A rough day at work, a houseful of chores and bickering kids can leave you feeling frazzled. You're tempted to reach for the pretzels or chocolate, but you know it's not good to reach for something to eat when you're totally stressed out, right? Not always! Nutrition experts say that certain foods can actually help us stay calm. Here are some of their stress-combating suggestions:
Start the day with breakfast
Missing meals, especially the first one of the day, can leave you with cravings and extreme hunger that actually fuel your stress, says Alison Acerra, RD, national manager of nutrition and wellness for Guckenheimer, a national food service organization. Tip: Reach for a balanced breakfast, complete with high-fiber carbohydrates, lean protein and healthy fat. Try whole-grain cereal atop Greek yogurt with fruit and nuts.
Avoid blood sugar spikes
"When your blood sugar levels are unstable, your stress hormones go haywire, as does your mood," says Susan Barendregt, a functional nutritionist in Viroqua, Wis. "You want to reach for foods that will provide you with minerals and other nutrients needed to fuel the body's natural processes that keep it in equilibrium."
To keep blood sugar levels in check, avoid sugary refined-carbohydrate foods like cookies, cakes, white bread and muffins. Instead, go for foods with protein and healthy fats, which are satisfying without spiking your blood sugar. Have a salad with grilled chicken breast and sliced avocado for lunch, and snack on nuts and seeds instead of chips. Plan to eat small meals (every three to four hours) that include a good source of protein, fiber and healthy fats.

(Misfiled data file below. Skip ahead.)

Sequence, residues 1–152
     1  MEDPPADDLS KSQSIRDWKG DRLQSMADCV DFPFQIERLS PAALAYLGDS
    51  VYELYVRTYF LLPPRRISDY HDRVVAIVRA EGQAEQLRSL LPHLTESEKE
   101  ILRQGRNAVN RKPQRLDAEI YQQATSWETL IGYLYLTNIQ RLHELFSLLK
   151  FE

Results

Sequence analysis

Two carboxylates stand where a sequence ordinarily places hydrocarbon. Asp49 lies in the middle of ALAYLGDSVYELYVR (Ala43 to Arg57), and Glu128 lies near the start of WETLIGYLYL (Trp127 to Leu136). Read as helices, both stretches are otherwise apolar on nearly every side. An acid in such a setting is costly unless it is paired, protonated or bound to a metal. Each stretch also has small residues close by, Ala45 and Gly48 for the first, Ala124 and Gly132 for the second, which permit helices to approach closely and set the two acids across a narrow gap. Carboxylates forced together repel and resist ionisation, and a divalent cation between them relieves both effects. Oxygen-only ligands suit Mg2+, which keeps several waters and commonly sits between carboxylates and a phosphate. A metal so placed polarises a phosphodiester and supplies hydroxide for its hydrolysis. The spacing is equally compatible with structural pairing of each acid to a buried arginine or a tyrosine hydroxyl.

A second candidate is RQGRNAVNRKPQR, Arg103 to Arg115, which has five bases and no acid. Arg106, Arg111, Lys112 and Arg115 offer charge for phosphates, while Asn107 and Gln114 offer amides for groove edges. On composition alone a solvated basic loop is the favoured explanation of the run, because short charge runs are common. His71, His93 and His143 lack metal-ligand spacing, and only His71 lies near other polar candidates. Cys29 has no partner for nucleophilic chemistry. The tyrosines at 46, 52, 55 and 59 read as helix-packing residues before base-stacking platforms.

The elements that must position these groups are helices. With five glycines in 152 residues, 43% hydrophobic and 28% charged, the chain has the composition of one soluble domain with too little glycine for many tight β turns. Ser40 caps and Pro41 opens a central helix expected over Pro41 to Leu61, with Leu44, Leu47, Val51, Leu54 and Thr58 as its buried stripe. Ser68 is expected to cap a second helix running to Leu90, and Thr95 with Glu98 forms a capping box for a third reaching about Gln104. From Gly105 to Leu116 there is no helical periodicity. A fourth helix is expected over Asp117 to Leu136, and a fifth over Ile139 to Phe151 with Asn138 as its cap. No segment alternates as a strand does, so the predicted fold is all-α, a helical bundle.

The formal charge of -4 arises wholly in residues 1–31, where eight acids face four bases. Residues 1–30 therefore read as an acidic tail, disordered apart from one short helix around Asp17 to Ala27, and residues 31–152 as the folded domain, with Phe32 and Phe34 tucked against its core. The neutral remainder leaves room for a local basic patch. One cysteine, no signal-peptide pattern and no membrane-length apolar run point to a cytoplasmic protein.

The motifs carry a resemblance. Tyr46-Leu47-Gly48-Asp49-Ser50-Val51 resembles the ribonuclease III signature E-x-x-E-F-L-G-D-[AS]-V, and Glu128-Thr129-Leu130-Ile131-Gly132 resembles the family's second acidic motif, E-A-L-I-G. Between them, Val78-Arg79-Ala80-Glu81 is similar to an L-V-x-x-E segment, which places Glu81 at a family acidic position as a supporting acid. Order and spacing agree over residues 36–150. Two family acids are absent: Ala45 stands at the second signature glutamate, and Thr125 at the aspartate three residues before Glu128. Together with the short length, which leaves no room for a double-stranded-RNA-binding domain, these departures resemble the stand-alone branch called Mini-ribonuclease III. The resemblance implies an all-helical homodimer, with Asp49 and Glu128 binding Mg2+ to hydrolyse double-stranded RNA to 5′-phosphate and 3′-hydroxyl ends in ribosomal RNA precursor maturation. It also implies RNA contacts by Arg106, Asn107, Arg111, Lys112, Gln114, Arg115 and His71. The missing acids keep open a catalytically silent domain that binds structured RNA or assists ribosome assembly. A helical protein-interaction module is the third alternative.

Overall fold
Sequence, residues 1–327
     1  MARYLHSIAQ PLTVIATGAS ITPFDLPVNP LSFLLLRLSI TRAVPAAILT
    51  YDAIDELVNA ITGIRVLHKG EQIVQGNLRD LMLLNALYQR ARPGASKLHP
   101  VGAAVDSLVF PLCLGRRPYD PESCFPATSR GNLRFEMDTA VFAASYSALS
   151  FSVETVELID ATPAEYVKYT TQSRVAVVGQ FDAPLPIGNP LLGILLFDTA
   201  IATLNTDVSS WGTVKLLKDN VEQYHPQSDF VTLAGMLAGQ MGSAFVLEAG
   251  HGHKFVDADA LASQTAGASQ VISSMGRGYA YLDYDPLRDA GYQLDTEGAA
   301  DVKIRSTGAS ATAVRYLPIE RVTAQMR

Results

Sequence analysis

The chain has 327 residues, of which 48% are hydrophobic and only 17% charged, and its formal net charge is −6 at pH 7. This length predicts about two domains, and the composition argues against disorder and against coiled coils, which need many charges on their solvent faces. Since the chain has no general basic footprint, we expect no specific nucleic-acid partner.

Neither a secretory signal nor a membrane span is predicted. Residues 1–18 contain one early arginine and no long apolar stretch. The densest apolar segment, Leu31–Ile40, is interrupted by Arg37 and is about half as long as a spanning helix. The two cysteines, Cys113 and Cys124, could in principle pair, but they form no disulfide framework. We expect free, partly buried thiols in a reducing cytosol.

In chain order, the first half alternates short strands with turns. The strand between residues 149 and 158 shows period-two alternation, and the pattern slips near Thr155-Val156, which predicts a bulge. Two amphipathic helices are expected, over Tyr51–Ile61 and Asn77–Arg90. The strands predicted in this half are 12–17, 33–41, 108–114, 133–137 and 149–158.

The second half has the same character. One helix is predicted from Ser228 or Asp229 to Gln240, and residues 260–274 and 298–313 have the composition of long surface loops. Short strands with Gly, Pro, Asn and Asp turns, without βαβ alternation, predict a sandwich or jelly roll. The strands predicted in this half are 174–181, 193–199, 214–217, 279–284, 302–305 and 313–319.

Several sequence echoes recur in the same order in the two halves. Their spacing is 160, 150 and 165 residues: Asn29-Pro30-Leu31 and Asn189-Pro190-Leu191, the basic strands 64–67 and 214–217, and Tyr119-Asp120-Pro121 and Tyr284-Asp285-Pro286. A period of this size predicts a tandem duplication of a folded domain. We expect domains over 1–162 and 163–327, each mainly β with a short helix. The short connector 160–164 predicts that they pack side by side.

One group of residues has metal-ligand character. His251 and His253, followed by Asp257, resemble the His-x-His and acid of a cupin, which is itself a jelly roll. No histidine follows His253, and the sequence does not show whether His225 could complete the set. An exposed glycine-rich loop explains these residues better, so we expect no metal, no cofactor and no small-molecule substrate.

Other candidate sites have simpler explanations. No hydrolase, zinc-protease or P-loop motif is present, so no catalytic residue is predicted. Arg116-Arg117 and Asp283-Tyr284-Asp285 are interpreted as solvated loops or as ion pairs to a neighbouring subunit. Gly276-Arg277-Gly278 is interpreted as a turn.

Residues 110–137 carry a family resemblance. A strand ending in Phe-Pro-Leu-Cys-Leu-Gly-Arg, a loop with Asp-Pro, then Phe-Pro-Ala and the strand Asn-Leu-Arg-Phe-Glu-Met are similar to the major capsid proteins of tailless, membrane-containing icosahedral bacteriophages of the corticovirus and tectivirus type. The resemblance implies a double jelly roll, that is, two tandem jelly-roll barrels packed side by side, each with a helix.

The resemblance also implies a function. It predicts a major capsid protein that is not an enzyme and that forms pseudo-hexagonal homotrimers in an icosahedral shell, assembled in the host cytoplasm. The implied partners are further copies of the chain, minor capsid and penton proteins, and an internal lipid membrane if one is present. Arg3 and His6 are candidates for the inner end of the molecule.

If you're stressed, skip the coffee and soda. In addition to giving you the jitters, the high level of caffeine in these drinks can interfere with your normal sleep cycles, which will only exacerbate the stress you're already feeling, says Ivy Branin, a naturopathic doctor in New York City. Instead, turn to tea, a study-proven remedy for stress symptoms. Black tea has been shown to lower levels of cortisol, the brain's "stress hormone", while compounds in green tea can help lower blood sugar levels. And researchers have discovered that passionflower tea is as effective at curbing anxiety as a well-known prescription medication.
Think vitamins C and B
Foods such as citrus fruits and leafy greens can help reduce the stress you're experiencing because they support your adrenal glands. These are the stress-handling glands that often get taxed after repeated and chronic stress, says Jenny Westerkamp, a registered dietitian-nutritionist at CJK Foods, a Chicago-based chef-crafted healthy meal delivery service.
Stock up on fish
Your seafood counter is another place to go for stress reduction. Salmon has high stores of protein and omega-3 fatty acids that help promote brain health and decrease production of cortisol. Meanwhile, tasty shellfish -- such as oysters, clams and crabs -- are a great source of zinc, which helps support the immune system and adrenal glands.
Choose whole grains
Whole-grain items, such as brown rice, oats and wheat contain L-tryptophan, the amino acid essential in serotonin production (an essential substance that helps with relaxation and happiness) and key B vitamins. Another great serotonin-boosting food: Sweet potatoes, which are loaded with vitamin B6.